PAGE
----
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Tuesday, Apr 13, 2021 at 7:13 pm

Whitman’s Unique Grading System

By Lindsey Fine

SYRACUSE, N.Y. – Sophomore accounting major Daniel Prucha sat in his business classes knowing the amount of effort or understanding he has of the course material will not affect his final class grade as significantly as it did in his high school or in his classes taken at a Syracuse University college other than the Whitman School of Management.

“If I have a B-plus and I know that if I work to get an A-minus there’s a good chance that I wouldn’t get it because most of the class already has As, so then it doesn’t inspire me to work any harder because I know I’m not going to get that A-minus anyways,” Prucha said.

This unique system of grading is known colloquially as the “Whitman curve.” Whitman has a school-wide rule where in any undergraduate course with more than 15 students no more than 33% of the class can receive an A or A-minus for the semester and the average GPA across all students cannot exceed a 3.3.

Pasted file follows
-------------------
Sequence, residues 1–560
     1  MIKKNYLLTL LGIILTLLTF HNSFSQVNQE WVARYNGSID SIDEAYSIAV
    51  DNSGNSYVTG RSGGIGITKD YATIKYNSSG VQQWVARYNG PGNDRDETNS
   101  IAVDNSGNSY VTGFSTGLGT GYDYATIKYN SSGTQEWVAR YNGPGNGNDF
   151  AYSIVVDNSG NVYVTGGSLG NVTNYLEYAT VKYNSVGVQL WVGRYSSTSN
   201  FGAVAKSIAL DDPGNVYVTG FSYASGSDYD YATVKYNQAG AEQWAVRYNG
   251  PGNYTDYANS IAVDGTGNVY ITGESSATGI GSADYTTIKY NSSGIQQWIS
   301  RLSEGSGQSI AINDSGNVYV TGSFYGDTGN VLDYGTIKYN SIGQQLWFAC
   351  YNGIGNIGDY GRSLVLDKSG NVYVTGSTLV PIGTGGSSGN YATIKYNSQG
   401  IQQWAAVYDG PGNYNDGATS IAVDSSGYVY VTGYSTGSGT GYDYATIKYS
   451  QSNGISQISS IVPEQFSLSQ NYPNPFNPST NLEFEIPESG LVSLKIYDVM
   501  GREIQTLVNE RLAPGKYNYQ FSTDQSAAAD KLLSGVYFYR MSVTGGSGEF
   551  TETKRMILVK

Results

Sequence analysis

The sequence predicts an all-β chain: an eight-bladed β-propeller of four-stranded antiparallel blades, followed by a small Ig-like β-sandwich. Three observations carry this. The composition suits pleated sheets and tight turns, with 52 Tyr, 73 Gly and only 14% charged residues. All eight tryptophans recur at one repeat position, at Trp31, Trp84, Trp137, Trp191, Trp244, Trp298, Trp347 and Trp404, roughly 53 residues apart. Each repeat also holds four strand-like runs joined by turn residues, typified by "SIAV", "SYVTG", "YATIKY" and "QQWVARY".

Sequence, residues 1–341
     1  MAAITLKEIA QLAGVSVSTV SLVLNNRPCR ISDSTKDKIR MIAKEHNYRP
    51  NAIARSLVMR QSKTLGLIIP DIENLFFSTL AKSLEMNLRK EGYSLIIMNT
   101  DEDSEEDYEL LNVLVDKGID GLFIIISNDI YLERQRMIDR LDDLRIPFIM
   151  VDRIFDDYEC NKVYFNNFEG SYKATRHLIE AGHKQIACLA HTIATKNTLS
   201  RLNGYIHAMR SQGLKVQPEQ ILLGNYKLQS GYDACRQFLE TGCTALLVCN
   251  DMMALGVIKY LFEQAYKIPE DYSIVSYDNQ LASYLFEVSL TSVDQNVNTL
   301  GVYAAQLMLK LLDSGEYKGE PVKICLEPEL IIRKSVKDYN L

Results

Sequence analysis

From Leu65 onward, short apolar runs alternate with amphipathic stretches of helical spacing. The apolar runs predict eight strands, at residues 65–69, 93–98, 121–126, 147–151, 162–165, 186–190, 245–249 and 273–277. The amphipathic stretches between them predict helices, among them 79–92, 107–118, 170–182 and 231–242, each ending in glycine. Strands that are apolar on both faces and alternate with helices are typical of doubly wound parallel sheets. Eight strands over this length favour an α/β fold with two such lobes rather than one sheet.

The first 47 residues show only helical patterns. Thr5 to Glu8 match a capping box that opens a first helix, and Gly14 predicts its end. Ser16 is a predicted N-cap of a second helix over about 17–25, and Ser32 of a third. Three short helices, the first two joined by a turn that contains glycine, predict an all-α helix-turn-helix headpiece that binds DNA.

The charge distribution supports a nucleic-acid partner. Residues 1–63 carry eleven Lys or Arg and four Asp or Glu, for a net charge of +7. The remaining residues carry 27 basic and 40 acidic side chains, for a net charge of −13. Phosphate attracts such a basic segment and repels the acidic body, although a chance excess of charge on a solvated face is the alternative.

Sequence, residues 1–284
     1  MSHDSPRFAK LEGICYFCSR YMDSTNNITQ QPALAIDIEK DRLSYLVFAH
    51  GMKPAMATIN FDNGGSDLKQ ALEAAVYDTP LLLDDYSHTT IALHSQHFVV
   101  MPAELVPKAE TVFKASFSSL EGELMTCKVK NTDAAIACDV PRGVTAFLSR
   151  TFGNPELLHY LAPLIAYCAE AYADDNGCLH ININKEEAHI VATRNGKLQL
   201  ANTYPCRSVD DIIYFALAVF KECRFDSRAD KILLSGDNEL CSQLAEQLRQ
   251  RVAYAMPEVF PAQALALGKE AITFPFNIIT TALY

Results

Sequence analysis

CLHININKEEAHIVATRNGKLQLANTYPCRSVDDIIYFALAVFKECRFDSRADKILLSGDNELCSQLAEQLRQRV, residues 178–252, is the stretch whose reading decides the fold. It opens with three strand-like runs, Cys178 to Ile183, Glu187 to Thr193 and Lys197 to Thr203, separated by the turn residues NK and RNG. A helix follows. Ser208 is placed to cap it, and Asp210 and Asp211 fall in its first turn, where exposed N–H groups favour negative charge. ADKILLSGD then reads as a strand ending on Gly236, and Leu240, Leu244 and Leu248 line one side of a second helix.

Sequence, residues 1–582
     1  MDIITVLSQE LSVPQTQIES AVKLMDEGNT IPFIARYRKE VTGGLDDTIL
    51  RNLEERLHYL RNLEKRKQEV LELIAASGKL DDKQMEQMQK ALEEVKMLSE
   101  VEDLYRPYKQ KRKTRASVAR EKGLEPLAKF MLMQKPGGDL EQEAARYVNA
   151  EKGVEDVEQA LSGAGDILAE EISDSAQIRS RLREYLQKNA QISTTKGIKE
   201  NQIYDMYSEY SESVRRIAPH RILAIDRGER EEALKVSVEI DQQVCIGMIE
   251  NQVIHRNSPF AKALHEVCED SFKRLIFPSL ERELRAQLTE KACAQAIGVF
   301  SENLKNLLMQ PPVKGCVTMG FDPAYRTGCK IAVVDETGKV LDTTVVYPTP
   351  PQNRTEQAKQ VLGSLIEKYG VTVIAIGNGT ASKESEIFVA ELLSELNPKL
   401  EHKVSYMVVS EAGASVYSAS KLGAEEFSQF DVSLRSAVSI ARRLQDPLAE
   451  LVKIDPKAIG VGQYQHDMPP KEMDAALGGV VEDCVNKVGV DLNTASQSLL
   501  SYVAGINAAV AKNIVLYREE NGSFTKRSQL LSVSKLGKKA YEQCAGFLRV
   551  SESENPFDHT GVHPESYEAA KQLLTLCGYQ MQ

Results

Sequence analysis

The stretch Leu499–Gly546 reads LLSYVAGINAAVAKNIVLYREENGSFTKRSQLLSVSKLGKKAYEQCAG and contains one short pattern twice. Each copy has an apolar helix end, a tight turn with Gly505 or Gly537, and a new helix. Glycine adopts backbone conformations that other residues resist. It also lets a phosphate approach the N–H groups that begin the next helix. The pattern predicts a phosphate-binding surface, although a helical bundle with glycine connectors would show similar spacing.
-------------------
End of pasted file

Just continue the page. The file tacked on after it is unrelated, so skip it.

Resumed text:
This policy was implemented to encourage professors to increase the level of rigor in their classes and also standardize grades among all classes, sections and professors in the college according to marketing professor Scott Fay. Fay also said other top business schools across the country use this policy, so Whitman using it will help the school’s ranking and reputation in the business world.

“We should make it clear to our students that this grading policy is not meant to instill competition, it’s really meant to bring us all up and to insert more rigor into our courses,” Fay said.

Even though this policy was not intended to increase the feeling of competition between students, Prucha said he feels like it is harder to work with others because he knows if they all do well his grades might not be as high.

“I really don’t like it, because I think it doesn’t inspire cohesiveness,” Prucha said. “It definitely makes it more competitive; I don’t work with nearly as many people as I would in a different major.”

Junior accounting and marketing student Amanda Spindler said she has not experienced an increase in competitiveness, but instead feels as though this system prepares students for the very competitive business world and encourages her to work harder to make sure she succeeds.

“In the business world you’re competing for a job, you’re competing to get promoted, get hired, so starting here is helping students get prepared for what they are going to see in the business workplace,” Spindler said.